Posted by on June 26, 2013 in Blog
By Isaac Levey
Summer 2013 Legal Fellow
The Voting Rights Act of 1965 (VRA) is one of the most important laws the United States has ever enacted. Although the 15th Amendment to the Constitution guaranteed African-Americans the right to vote on the same basis as white voters in 1870, that guarantee did not exist in reality in many states for almost a century after. The VRA gave that guarantee force, and has helped millions of voters – including blacks, Hispanics, and other minorities including Arab Americans – protect the most fundamental right in a democracy: the right to vote. Since 1965 Congress has reauthorized the VRA four times, most recently in 2006. That year, the VRA passed the House of Representatives by a vote of 390-33; it passed the Senate 98-0. In signing the reauthorization into law, President George W. Bush said it reaffirmed America’s commitment to ensuring that “every person is valued and treated with dignity and respect.” Yesterday, this vital piece of civil rights legislation wass annihilated by the Supreme Court, five votes to four.
The Supreme Court decided yesterday, in Shelby County v. Holder, that the most important and effective piece of the VRA is unconstitutional. The key mechanism for implementing the VRA, known as “preclearance,” requires the Department of Justice (DOJ) or a federal court in Washington to approve any new voting procedures enacted by certain states and counties with long histories of discriminatory vote suppression. The preclearance provision is in Section 5 of the Act. Section 4 prescribes a formula based on historical discrimination to determine which states and counties are “covered jurisdictions” subject to this requirement. Yesterday, Chief Justice John Roberts wrote for the Court that the Section 4 formula is so out of date and obsolete that under “current conditions” the burden it places on states’ right to regulate their elections violates the Constitution.
What the Decision Means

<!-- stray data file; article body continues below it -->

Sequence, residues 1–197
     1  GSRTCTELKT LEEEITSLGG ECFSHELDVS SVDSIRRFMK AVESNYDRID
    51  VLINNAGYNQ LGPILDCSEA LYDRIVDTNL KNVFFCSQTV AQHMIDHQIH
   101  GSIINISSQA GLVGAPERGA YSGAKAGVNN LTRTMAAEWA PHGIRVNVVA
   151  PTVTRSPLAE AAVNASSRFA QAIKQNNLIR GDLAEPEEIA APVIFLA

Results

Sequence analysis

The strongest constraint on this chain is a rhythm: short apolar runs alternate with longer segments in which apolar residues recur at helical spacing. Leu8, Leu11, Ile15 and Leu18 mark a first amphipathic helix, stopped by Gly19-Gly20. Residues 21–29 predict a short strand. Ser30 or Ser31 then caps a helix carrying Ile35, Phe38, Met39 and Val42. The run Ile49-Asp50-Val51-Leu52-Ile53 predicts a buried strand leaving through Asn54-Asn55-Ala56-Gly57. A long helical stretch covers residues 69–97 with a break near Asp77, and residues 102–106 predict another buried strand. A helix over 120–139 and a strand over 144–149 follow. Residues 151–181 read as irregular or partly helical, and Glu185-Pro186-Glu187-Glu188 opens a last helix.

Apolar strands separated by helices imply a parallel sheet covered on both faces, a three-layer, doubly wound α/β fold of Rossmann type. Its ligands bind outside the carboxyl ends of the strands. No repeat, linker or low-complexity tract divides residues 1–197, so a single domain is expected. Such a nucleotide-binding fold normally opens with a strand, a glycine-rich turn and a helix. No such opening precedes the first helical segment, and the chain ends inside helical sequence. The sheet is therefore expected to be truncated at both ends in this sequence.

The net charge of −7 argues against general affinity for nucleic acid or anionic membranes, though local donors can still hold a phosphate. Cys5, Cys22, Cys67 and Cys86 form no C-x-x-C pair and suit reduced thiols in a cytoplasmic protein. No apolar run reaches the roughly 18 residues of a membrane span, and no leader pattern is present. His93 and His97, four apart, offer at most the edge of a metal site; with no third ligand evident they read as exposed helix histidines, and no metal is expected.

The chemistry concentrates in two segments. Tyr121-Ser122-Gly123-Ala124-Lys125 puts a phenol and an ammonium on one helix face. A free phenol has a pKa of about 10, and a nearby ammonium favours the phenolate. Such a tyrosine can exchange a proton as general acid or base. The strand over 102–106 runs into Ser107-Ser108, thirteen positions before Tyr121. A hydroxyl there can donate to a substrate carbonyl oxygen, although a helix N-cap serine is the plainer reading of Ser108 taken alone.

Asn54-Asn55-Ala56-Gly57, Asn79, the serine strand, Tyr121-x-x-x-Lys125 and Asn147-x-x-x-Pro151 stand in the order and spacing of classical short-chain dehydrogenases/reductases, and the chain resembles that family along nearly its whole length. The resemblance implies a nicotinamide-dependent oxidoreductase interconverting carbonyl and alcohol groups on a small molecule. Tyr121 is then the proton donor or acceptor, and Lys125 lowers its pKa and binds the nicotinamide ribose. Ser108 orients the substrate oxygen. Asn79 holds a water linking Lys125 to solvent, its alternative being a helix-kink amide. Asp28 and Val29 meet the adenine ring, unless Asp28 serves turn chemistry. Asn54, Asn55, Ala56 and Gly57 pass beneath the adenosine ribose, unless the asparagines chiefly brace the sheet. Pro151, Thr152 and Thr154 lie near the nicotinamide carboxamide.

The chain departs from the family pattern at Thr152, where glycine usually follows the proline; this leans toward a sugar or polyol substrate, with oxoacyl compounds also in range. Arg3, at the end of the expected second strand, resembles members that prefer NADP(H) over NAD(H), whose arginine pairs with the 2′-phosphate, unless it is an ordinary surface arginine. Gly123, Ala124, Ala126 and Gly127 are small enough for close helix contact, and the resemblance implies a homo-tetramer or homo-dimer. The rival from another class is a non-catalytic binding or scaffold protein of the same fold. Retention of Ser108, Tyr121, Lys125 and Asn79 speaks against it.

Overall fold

The practical consequences of this decision are so disastrous that they should be considered before discussing the myriad legal calamities in the Court’s opinion. Section 5 was enacted after numerous attempts by Congress and the courts to eliminate racially discriminatory voting measures enacted by (mostly) southern states. Every time a new voter suppression device was invalidated, the states would come up with a more ingenious way around the Constitution. Litigation would take years, during which discriminatory and unconstitutional voter-suppression would remain in effect. In essence, the Federal Government spent decades playing catch-up.
Section 5 was the solution. It required the states that had so frequently evaded the Constitution to obtain the Federal Government’s permission before changing their election laws, so that DOJ could take a hard look at any new measure and decide whether the state or county had some legitimate reason for passing it, or if it was just a pretext for illegal discrimination.
The Court eliminated that protection yesterday. With the Section 4 formula gone, Section 5 is inoperative, and until Congress acts to create a new preclearance formula, the preclearance regime does not exist. States are now free to alter their voting regulations and add whatever new restrictions they wish, and the only way to counter illegal laws is to file suit. That takes years, and during that time elections are held under the illegal procedures. Congress could, theoretically, act to create a new preclearance formula, but that is certainly unlikely to happen anytime soon: the Republican House, at least, may have an incentive to go into the 2014 and 2016 elections with no preclearance regime in place. At least for the foreseeable future, minorities’ voting rights are much less secure today than they were yesterday.
The Constitutional Questions Raised by the Voting Rights Act – and the Court’s Unconvincing Answers
At first glance, the idea that the Federal Government’s attempt to protect a constitutional right is unconstitutional seems incomprehensible, and all the more so since the right to vote is probably the most important right one has in a democracy. Certainly rights like freedom of expression and assembly are useless without it, since the power to persuade your friends and neighbors to see issues your way doesn’t help you unless they can join you in voting that way. One might argue that if there is anything Congress should be allowed to do, it should be to secure the right to vote. Indeed the Constitution specifically gives Congress that right, authorizing it to forbid racial discrimination in voting “by appropriate legislation.” And just last week Justice Antonin Scalia, one of the most conservative Justices on the Court, wrote a decision upholding Congress’ expansive power to overrule state laws regulating federal elections.